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Educational Choices, Subjective Expectations, and Credit Constraints

  • Orazio Attanasio
  • Katja Kaufmann

In this paper we analyze the link between people's "subjective" expectations of returns to schooling and their decision to invest into schooling. We use data from a household survey on Mexican junior and senior high school graduates that elicits their own and their parents' beliefs about future earnings for different scenarios of highest schooling degree. These data allow us to derive measures of expected idiosyncratic returns to schooling as well as measures of individual risk perceptions of earnings and unemployment risk. Therefore we can analyze for two important school attendance decisions, high school and college, whether parents' or youths' expectations matter and whether expected returns or risk perceptions are important for these two decisions. We find that both youths' and parents' expectations matter in terms of the high school attendance decision, while for the college attendance decision the youths' expectations appear to be the relevant ones. These results suggest that youths play an important role in the intra-family decision process about human capital investments. While often neglected in the literature, risk perceptions are important predictors for high school attendance decisions. College attendance decisions on the other hand depend on expected returns to college. Making use of our data on subjective expectations, we provide evidence on the existence of credit constraints based on the argument that credit constraints would break the link between expected returns (or risk perceptions) and schooling decisions. Our results point towards an important role of credit constraints in college attendance decisions and thus provide one explanation for the large inequalities that can be found in particular in higher education in Mexico.

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Paper provided by National Bureau of Economic Research, Inc in its series NBER Working Papers with number 15087.

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Date of creation: Jul 2009
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Handle: RePEc:nbr:nberwo:15087
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  1. David McKenzie & John Gibson & Steven Stillman, 2007. "A land of milk and honey with streets paved with gold: Do emigrants have over-optimistic expectations about incomes abroad?," CReAM Discussion Paper Series 0709, Centre for Research and Analysis of Migration (CReAM), Department of Economics, University College London.
  2. Julian R. Betts, 1996. "What Do Students Know about Wages? Evidence from a Survey of Undergraduates," Journal of Human Resources, University of Wisconsin Press, vol. 31(1), pages 27-56.
  3. Guiso, Luigi & Jappelli, Tullio & Pistaferri, Luigi, 2002. "An Empirical Analysis of Earnings and Employment Risk," Journal of Business & Economic Statistics, American Statistical Association, vol. 20(2), pages 241-53, April.
  4. J. Dominitz & C. F. Manski, . "Eliciting student expectations of the returns to schooling," Institute for Research on Poverty Discussion Papers 1049-94, University of Wisconsin Institute for Research on Poverty.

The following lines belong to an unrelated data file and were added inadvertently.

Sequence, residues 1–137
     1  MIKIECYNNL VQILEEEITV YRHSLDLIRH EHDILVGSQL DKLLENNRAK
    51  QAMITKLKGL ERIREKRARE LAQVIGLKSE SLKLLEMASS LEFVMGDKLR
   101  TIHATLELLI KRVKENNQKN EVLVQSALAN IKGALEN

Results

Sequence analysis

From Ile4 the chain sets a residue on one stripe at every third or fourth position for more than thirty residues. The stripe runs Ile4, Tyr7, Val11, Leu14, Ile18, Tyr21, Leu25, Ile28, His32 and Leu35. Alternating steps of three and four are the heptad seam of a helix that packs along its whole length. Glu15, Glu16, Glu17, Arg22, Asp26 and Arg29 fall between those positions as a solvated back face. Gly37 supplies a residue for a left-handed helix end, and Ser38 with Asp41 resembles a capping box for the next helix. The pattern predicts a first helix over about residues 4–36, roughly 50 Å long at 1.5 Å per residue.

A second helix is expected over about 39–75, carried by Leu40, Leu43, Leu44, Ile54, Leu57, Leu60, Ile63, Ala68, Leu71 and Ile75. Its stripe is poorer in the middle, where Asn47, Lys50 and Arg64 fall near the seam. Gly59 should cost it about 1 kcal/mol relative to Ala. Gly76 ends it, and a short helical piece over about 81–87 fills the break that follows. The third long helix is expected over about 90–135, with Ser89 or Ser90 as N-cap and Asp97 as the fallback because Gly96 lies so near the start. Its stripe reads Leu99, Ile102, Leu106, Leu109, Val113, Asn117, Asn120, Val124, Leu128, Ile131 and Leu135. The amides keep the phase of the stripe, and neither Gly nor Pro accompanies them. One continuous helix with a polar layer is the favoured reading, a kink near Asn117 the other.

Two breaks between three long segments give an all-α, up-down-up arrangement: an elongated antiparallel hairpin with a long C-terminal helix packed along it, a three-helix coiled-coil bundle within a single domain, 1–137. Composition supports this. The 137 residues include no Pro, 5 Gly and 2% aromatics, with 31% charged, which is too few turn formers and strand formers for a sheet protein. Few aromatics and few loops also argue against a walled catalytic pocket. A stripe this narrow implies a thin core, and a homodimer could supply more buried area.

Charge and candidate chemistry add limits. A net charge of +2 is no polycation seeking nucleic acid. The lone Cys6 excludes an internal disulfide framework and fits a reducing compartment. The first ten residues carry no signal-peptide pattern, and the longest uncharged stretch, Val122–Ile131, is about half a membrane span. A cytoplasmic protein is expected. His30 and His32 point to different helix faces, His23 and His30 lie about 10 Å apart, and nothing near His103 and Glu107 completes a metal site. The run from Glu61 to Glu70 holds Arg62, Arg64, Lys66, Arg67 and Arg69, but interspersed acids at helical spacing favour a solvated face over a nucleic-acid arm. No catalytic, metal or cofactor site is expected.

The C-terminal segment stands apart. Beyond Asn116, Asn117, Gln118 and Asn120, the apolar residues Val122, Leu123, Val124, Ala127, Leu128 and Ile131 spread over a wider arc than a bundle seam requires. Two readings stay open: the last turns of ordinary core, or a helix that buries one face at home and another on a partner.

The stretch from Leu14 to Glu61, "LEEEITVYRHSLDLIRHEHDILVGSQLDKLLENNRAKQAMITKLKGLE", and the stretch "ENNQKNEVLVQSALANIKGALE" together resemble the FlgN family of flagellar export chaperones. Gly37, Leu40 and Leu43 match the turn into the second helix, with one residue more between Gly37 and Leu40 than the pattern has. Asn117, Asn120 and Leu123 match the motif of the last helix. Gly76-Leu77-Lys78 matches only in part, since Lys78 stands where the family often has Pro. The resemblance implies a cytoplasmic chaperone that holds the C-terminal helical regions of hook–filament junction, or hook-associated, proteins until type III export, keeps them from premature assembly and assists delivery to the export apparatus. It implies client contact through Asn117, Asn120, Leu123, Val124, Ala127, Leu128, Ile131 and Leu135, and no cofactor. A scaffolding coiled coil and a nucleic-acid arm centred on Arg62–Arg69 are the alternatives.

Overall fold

5. Stephen V. Cameron & James J. Heckman, 1998. "Life Cycle Schooling and Dynamic Selection Bias: Models and Evidence for Five Cohorts of American Males," Journal of Political Economy, University of Chicago Press, vol. 106(2), pages 262-333, April.
  6. Anyck Dauphin & Abdel-Rahmen El Lahga & Bernard Fortin & Guy Lacroix, 2010. "Are Children Decision-Makers Within the Household?," CIRANO Working Papers 2010s-17, CIRANO.
  7. Delavande, Adeline & Giné, Xavier & McKenzie, David, 2011. "Measuring subjective expectations in developing countries: A critical review and new evidence," Journal of Development Economics, Elsevier, vol. 94(2), pages 151-163, March.
  8. Heckman, James, 2013. "Sample selection bias as a specification error," Applied Econometrics, Publishing House "SINERGIA PRESS", vol. 31(3), pages 129-137.
  9. James J. Heckman & Edward Vytlacil, 2005. "Structural Equations, Treatment Effects and Econometric Policy Evaluation," NBER Technical Working Papers 0306, National Bureau of Economic Research, Inc.
  10. Keane, Michael P & Wolpin, Kenneth I, 1997. "The Career Decisions of Young Men," Journal of Political Economy, University of Chicago Press, vol. 105(3), pages 473-522, June.
  11. Charles F. Manski, 2004. "Measuring Expectations," Econometrica, Econometric Society, vol. 72(5), pages 1329-1376, 09.
  12. Pedro Carneiro & James J. Heckman, 2002. "The Evidence on Credit Constraints in Post-Secondary Schooling," NBER Working Papers 9055, National Bureau of Economic Research, Inc.
  13. Belzil, Christian & Hansen, Jörgen, 2002. "Earnings Dispersion, Risk Aversion and Education," IZA Discussion Papers 513, Institute for the Study of Labor (IZA).
  14. Stephen V. Cameron & James J. Heckman, 2001. "The Dynamics of Educational Attainment for Black, Hispanic, and White Males," Journal of Political Economy, University of Chicago Press, vol. 109(3), pages 455-499, June.
  15. Katja Maria Kaufmann, 2014. "Understanding the income gradient in college attendance in Mexico: The role of heterogeneity in expected returns," Quantitative Economics, Econometric Society, vol. 5(3), pages 583-630, November.
  16. Mario Padula & Luigi Pistaferri, 2001. "Education, Employment and Wage Risk," CSEF Working Papers 67, Centre for Studies in Economics and Finance (CSEF), University of Naples, Italy.
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